ƩFx = 0 ƩFy = 0 and ƩM = O.

Fig. 2.70

If the magnitude of the forces, in the members cut by a section line, is positive then the assumed direction is correct. If magnitude of a force is negative, then reverse the direction of that force.

Problem 2.41. Find the forces in the members AB and AC of the truss shown in Fig. 2.71 using method of section.

Sol. First determine the reaction RB and RC

The distance of line of action of 20 kN from point B is

Now draw a section line (1-1), cutting the members AB and BC in which forces are to be determined. Now consider the equilibrium of the left part of the truss. This part is shown in Fig. 2.71 (a).

Let the directions of FBA and FBC are assumed as shown in Fig. 2.71 (a).

Now taking the moments of all the forces acting on the left part about point C, we get

15 × 5 + (FBA × AC)* = 0

The perpendicular distance between the line of action of FBA and point C is equal to AC)

or 75 + FBA × 5 × cos 30° = 0

The negative sign shows that FBA is acting in the opposite direction (i.e., towards points B). Hence force FBA will be a compressive force.

∴ FBA = 17.32 kN (Compressive). Ans.

Again taking the moments of all the forces acting on the left part about point A, we get 15 × Perpendicular distance between the line of action of

15 kN and point C = FBC × Perpendicular distance between FBC and point A.

15 × 2.5 × cos 60° = FBC × 2.5 × sin 60°

= 8.66 kN (Tensile). Ans.

These forces are same as obtained in Problem 2.31.

* The moment of the force FBA about point C, is also taken by resolving the force FBA into vertical and horizontal components at point B. The moment of the horizontal component about C is zero, whereas the moment of vertical component will be (FBA × sin 60°) × 5 = FBA × 5 × sin 60° or FBA × 5 × cos 30°.

Problem 2.42. A truss of span 5 m is loaded as shown in Fig. 2.72. Find the reactions and forces in the members marked 4, 5 and 7 using method of section.

Sol. Let us first determine the reactions RA and RB

Triangle ABD is a right-angled triangle having angle

AD == AB cos 60° = 5 × 0.5 = 2.5 m

The distance of line of action the vertical load 10 kN from point A will be AD cos 60° or 2.5 × 0.5 = 1.25 m.

From triangle ACD, we have

BC = 5 – 2.5 = 2.5 m

In right-angled triangle CEB, we have

Now draw a section line (1-1), cutting the members 4, 5 and 7 in which forces are to be determined. Consider the equilibrium of the right part of the truss (because it is smaller than the left part).

This part is shown in Fig. 2.72 (a). Let F4, F5 and F7 are the forces in members 4, 5 and 7. Let their directions are assumed as shown in Fig. 2.72 (a).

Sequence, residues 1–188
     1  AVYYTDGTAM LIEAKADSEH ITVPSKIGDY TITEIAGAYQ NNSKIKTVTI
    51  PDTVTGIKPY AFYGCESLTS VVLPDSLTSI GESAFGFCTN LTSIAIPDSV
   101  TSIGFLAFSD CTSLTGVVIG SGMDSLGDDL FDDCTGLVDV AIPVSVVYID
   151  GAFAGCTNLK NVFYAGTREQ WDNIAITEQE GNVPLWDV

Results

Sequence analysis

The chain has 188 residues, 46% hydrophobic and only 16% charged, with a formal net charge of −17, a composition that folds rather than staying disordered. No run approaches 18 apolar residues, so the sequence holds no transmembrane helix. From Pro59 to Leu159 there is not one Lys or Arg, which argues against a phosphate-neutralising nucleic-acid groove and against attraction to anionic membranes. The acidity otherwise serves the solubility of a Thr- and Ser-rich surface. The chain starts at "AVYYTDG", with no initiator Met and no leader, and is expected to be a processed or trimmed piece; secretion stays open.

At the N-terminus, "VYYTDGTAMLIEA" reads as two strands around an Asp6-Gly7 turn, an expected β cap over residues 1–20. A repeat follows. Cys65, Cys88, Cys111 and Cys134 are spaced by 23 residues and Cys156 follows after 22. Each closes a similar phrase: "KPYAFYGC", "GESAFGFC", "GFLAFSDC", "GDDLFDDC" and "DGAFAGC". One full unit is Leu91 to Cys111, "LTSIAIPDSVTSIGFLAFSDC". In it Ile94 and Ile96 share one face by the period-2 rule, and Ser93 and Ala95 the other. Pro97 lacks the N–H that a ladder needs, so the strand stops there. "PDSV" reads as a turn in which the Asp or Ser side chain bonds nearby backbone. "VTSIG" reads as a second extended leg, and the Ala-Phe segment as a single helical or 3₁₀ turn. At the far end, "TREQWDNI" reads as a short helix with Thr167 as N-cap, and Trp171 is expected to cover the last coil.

Now taking the moments of all the forces acting on the right part about point E, we get

RB × BE cos 30° = F4 × (BE × sin 30°)

12 × BE cos 30° + F5 × BE = 0

or 12 × cos 30° + F5 = 0

F5 = – 12 × cos 30° = – 10.392 kN

F5 = 10.392 kN (Compressive). Ans.

Now taking the moments about point C of all the forces acting on the right parts, we get

12 × (2.5 -BE cos 30°) = F7 × CE + RB × BC

Negative sign shows that F7 is compressive.

F7 = 14 kN (Compressive). Ans.

These forces are same as obtained in Problem 2.33.

Problem 2.43. A truss of span 9 m is loaded as shown in Fig. 2.73. Find the reactions and forces in the members marked 1, 2 and 3.

Sol. Let us first calculate the reactions RA and RB.

Taking moments about A, we get

RB × 9 = 9 × 3 + 12 × 6 = 27 + 72 = 99

Now draw a section (1.1), cutting the members 1,2 and 3 in which forces are to be determined. Consider the equilibrium of the left part of the truss (because it is smaller than the right part). This part is shown in Fig.2.73 (a). Let F1, F2 and F3 are the forces members 1,2, and 3 respectively. Let their directions are assumed as shown in Fig. 2.73 (a)

Taking moments of all the forces acting on the left part about point D, we get

10 × 3 = F2 × 4

Now taking the moments of all the forces acting on the left part about point G, we get

10 × 3 + F1 × 4 = 0

Negative sign shows that force F1 is compressive.

F1 = 7.5 kN (Compressive) Ans.

Now taking the moments about the point C, we get

F2 × 3 – 9 × 3 + F3 × 4 = 0

or F2 × 3 – 27 + 7.5 × 4 = 0

Negative sign shows that force F2 is compressive.

F2 = 1.0 kN (Compressive). Ans.

Problem 2.44. A truss of 12 m span is loaded as shown in Fig. 2.74. Determine the forces in the members DG, DF and EF, using method of section.

Sol. The truss is supported on rollers at B and hence RB will be vertical. The truss is
hinged at A and hence the support sections at A will consists of a horizontal section HA and a vertical section RA.

In triangle AEC, AC = AE × cos 30°

= 4 × 0.866 = 3.464 m

Now length   AD = 2 × AC = 2 × 3.464 = 6.928 m